A total of 639 patients received steroids and/or other immunosuppressive agents. In the group with immunosuppressive therapy, patients had more hematuria at baseline compared with the untreated group (median values of 117.55 vs 81.20 RBC/mL; P<.001). Time-averaged hematuria during follow-up was similar between the treated and untreated groups.
In cause-specific hazards models, following adjustment for age, sex, time-varying proteinuria, time-varying MAP, baseline eGFR, use of steroids or other immunosuppression agents, and Oxford classification, time-varying hematuria using the automated method was an independent risk factor for the composite outcome of kidney disease progression (hazard ratio [HR], 1.46; 95% confidence interval [CI], 1.13-1.87; P=.003). When hematuria was measured using the manual method, results were similar (HR, 1.46; 95% CI, 1.15-1,86; P=.002).
During the first 6 months, 12.3% (n=31) of patients in the hematuria remission group and 16.3% (n=176) of those in the nonremission group reached the composite kidney disease progression event (P=.01). There was a significant association between hematuria remission and reduced risk for the composite event (HR, 0.41; 95% CI, 0.28-0.61; P<.001).
In patients without proteinuria remission (protein excretion >1.0 g/d) during the first 6 months, there was significant reduction in the risk for the composite kidney disease progression event when hematuria remission during the first 6 months was treated as a time-varying covariate (HR, 0.46; 95% CI, 0.32-0.68; P<.001). There was no association between hematuria remission during the first 6 months and improved kidney survival in patients with proteinuria remission (HR, 0.64; 95% CI, 0.31-1.29; P=.2).
There were some limitations to the study cited by the authors, including the single-center design with a single ethnicity, the possibility of time-varying confounding, and not directly evaluating the predictive value of reductions in hematuria.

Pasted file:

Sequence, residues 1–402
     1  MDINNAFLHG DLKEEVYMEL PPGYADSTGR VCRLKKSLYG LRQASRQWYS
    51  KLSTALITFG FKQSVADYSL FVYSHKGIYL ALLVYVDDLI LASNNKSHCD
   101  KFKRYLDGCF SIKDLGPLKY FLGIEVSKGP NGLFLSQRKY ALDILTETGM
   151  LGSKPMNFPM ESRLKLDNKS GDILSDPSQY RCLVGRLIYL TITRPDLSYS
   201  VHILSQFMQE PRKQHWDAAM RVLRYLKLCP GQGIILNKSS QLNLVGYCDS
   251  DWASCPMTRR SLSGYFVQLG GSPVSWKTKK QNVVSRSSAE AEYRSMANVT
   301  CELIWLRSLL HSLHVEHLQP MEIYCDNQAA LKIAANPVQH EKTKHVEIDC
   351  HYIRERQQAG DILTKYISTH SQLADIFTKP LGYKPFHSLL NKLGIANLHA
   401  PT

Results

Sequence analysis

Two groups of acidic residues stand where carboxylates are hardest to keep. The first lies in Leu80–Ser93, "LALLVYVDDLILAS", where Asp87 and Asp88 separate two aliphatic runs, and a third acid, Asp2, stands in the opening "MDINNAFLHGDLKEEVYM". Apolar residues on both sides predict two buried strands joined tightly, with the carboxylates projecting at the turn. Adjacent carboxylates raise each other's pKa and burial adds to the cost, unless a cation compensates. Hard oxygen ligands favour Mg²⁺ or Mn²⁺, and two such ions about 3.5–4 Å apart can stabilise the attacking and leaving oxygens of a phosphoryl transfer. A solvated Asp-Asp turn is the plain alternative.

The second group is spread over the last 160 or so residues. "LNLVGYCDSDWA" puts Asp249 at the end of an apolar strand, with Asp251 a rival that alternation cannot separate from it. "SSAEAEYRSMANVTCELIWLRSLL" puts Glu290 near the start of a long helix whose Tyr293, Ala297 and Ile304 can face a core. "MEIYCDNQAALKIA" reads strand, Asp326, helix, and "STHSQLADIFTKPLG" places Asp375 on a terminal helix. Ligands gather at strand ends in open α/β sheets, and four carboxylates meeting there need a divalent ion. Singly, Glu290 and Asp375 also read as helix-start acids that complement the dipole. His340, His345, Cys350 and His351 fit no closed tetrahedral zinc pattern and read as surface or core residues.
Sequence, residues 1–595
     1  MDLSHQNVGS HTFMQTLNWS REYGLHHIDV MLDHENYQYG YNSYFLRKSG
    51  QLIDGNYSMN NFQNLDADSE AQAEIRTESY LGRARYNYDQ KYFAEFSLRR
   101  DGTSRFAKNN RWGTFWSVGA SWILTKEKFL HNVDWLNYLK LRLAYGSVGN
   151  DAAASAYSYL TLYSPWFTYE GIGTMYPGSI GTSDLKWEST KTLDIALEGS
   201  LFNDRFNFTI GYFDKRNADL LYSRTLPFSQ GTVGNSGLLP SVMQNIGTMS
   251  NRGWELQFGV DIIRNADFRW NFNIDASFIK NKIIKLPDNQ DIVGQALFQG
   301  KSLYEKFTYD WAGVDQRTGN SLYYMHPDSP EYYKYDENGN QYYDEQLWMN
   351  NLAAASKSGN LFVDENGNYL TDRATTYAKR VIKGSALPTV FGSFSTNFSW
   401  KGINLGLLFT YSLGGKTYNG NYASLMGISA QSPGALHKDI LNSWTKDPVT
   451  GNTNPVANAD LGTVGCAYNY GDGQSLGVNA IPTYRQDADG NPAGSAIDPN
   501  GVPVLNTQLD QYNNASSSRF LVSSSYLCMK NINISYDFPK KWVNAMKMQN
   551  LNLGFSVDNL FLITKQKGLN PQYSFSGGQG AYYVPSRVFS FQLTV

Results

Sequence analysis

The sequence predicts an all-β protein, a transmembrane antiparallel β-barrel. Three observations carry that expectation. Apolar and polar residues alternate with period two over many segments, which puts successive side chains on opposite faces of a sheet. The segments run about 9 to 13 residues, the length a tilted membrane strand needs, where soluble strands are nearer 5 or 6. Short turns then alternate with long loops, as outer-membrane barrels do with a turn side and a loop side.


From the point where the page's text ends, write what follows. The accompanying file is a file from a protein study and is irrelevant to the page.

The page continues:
In conclusion, the researchers said, “In this large cohort study, we confirmed that the extent of microhematuria during follow-up was independently associated with kidney disease progression in IgAN, suggesting it should be included in the risk scoring system for predicting renal outcomes of IgAN. Hematuria remission significantly reduced the incidence of kidney disease progression events. Importantly, we found this effect much greater in patients without proteinuria remission, for whom hematuria remission during therapy may reduce the risk for kidney failure. These findings may help inform clinical management decisions. Hematuria evaluated using the fresh urine automated method had similar associations with renal outcomes as those evaluated using the manual urine sediment method. When it is confirmed as a standard and rapid method, the fresh urine automated method should be considered for IgAN clinical practice in the future.”
- Hematuria is the most common presentation of immunoglobulin A nephropathy (IgAN). Researchers in China conducted a retrospective cohort study to examine the association between hematuria and progression of kidney disease.
- The study utilized two methods to evaluate microhematuria: (1) a fully automated urine particle analyzer (automated method) and (2) urine sediment examination by a skilled examiner (manual method).
- There was an independent association between level of hematuria and progression of kidney disease; remission of hematuria was associated with improved kidney outcomes in IgAN in patients with persistent proteinuria. Associations with outcomes were similar with the two evaluation methods.